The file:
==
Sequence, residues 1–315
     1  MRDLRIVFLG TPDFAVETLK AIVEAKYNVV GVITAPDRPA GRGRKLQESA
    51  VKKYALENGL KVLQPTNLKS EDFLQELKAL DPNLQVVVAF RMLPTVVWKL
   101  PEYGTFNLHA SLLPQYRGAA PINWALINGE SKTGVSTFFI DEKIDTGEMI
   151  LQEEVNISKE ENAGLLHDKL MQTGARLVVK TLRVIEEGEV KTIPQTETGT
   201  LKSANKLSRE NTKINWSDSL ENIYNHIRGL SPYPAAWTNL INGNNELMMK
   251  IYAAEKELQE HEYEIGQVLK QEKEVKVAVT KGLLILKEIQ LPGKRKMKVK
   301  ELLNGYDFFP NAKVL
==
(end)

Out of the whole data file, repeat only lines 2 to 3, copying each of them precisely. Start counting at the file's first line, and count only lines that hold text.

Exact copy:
     1  MRDLRIVFLG TPDFAVETLK AIVEAKYNVV GVITAPDRPA GRGRKLQESA
    51  VKKYALENGL KVLQPTNLKS EDFLQELKAL DPNLQVVVAF RMLPTVVWKL